There is a saying in Judaism -- L’dor v’dor which literally means from generation to generation. Typically, it is understood to mean the transmission of the culture’s values, rituals, traditions, and history to the next generation. But what if we expanded this understanding, that L’dor v’dor is not uni-directional from older to younger people. Rather, it is a communal obligation to strengthen the bonds between and among all generations for certainly we, as a community, embody more than just two generations. As has become even more evident in this time of pandemic, we are a silo-ed society. Compared to years past, we are largely segregated and separated by age. Children go to school with like-aged peers. Once we reach retirement, we are less likely to be in multi-age groups. We are more likely to live as nuclear families geographically distant from our relatives. Living in a silo leads to negative consequences such as social isolation, loneliness, and ageism. Ageism is the one prejudice that is also held by its own in-group members. That is, even older adults can be ageist which further exacerbates this generational segregation.
In the midst of this silo-ing, there are several intergenerational programs that address the needs of multiple generations at the same time. In a recent survey, the organization Generations United found that the top 5 benefits cited by both youth and older adult participants were:
- Decreased isolation/ Increased connectedness
- Increased self-esteem
- Increased understanding of issues facing older adults and youth
- Increased trust across ages
- Increased sense of community
While there are many ways to do intergenerational programming, the ones that provide the most benefit to all participants include six key elements; they are relational, reciprocal, respectful, responsive, empowering and inclusive.
CJE’s Gidwitz Place at Weinberg Community for Senior Living has been hosting a successful intergenerational program that includes preschoolers from the Moriah Congregation’s Early Learning Center for the past two years. Children travel to Gidwitz twice a month to participate in a variety of activities with residents of Gidwitz. Embodying the principles cited above, the activities have been a benefit to older adults, young children, and staff of both organizations.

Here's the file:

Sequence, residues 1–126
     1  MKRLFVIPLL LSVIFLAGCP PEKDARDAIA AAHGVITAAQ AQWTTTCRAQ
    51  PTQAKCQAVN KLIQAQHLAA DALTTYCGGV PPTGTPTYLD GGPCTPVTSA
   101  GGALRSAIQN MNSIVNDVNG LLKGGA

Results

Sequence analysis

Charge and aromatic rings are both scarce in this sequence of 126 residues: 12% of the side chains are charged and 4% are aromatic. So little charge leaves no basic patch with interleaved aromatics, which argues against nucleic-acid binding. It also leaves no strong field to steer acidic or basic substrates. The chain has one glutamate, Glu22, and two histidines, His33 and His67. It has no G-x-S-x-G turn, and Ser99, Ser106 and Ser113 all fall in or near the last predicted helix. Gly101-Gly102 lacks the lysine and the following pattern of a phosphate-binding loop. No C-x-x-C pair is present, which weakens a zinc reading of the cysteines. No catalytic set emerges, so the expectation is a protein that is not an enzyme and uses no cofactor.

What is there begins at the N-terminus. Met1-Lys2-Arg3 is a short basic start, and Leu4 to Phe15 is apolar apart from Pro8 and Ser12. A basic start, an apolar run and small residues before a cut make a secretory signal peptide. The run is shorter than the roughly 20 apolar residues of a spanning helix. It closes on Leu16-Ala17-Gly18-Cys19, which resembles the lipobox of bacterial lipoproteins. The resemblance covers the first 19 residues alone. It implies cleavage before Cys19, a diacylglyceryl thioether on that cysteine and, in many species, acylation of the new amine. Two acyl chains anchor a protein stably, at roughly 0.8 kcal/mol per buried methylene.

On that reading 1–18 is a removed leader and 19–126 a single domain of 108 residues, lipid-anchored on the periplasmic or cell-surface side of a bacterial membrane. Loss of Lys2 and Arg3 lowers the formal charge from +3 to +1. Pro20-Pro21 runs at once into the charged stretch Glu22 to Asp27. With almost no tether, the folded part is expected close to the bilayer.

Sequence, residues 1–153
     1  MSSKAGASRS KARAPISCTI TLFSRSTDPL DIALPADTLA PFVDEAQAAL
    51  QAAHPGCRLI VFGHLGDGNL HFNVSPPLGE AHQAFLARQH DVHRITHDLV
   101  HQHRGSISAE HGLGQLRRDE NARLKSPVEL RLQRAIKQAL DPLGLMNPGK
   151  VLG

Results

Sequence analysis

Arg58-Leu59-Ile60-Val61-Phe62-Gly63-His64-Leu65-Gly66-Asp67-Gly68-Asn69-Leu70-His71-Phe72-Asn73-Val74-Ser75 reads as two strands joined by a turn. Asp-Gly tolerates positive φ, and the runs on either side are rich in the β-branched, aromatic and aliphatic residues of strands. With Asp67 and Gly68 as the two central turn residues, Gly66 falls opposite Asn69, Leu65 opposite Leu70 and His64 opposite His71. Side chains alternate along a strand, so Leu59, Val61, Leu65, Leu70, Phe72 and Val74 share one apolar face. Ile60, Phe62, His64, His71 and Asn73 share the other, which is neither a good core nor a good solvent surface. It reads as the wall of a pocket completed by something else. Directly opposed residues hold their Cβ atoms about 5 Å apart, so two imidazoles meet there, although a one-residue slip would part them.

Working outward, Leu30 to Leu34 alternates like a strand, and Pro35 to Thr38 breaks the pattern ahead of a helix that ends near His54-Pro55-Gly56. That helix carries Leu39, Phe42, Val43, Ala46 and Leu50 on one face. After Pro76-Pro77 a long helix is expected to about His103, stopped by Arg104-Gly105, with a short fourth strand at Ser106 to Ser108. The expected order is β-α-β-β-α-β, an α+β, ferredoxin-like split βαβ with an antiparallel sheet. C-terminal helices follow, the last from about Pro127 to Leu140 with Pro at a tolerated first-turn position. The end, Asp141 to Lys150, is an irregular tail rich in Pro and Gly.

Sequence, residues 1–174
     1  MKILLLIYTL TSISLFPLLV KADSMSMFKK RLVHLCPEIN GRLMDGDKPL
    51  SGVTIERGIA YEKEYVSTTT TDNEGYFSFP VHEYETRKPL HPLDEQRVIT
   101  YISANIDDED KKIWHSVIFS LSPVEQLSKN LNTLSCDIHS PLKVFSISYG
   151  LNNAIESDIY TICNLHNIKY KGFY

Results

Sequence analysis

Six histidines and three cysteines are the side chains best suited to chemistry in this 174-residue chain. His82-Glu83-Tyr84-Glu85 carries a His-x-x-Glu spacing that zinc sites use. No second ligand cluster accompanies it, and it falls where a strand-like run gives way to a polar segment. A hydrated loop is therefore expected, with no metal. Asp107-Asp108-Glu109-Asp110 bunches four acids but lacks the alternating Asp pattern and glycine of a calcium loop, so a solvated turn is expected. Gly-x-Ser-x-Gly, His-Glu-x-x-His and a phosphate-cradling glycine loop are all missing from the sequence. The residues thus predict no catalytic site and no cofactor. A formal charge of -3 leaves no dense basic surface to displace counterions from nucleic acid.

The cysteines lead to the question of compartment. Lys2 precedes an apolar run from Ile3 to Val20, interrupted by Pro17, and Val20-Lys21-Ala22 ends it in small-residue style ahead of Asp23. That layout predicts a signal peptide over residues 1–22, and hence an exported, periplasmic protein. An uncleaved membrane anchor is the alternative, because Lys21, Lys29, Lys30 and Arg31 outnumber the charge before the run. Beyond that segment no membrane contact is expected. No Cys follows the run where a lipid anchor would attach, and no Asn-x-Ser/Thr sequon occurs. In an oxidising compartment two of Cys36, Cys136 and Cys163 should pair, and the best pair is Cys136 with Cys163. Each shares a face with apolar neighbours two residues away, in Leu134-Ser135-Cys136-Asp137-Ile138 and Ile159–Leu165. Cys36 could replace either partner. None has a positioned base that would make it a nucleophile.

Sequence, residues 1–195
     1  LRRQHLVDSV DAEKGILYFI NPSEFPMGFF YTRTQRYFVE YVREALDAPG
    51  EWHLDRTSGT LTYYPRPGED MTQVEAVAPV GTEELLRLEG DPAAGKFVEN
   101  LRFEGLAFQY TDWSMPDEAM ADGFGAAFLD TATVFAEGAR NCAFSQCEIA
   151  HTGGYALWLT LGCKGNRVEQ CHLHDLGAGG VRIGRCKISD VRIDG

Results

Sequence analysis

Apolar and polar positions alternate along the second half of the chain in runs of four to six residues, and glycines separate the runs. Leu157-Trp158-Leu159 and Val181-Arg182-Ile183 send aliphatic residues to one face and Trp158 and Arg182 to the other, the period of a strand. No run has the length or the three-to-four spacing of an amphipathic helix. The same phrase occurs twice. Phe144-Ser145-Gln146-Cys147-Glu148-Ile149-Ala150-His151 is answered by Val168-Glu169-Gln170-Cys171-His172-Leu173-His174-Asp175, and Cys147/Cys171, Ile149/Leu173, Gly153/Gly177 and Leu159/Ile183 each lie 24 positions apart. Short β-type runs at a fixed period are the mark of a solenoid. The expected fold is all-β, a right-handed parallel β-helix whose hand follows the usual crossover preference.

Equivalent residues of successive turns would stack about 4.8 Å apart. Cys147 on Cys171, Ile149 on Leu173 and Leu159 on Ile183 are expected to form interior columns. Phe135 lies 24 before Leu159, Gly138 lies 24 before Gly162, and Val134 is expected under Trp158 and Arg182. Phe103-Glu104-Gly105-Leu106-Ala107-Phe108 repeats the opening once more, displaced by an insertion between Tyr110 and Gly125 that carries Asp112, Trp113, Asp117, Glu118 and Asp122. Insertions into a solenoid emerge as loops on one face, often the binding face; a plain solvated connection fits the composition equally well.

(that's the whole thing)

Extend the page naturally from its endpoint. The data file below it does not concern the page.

Older adults serve as mentors and tutors for school–aged children. Adolescents serve as technology support for older adults. Many times, senior centers or adult centers are co-located with preschools that foster consistent and long-term relationship building between the generations. Recent innovations include college students renting apartments or rooms in senior living communities and participating in community activities or providing assistance as needed. There is also a movement toward intergenerational co-housing in which intentional communities are built with older and younger people alike. And everyone benefits from the arrangement.
To learn more about this movement, visit Generations United (www.gu.org), a non-profit with a mission to “improve the lives of children, youth, and older people through intergenerational collaboration, public policies, and programs for the enduring benefit of all.”
In this time of social distancing, we are all now far more segregated and isolated than ever before. The time has come to look to both new and old solutions. The New York Times recently published an article about pairing high school students with older adults as pen pals. Some are writing actual letters sent by the U.S. Postal Service and others are using email. For those living alone, this crisis makes the need to build bridges between and among the generations even more acute. May we all find ways to connect as we get through this strange and difficult time.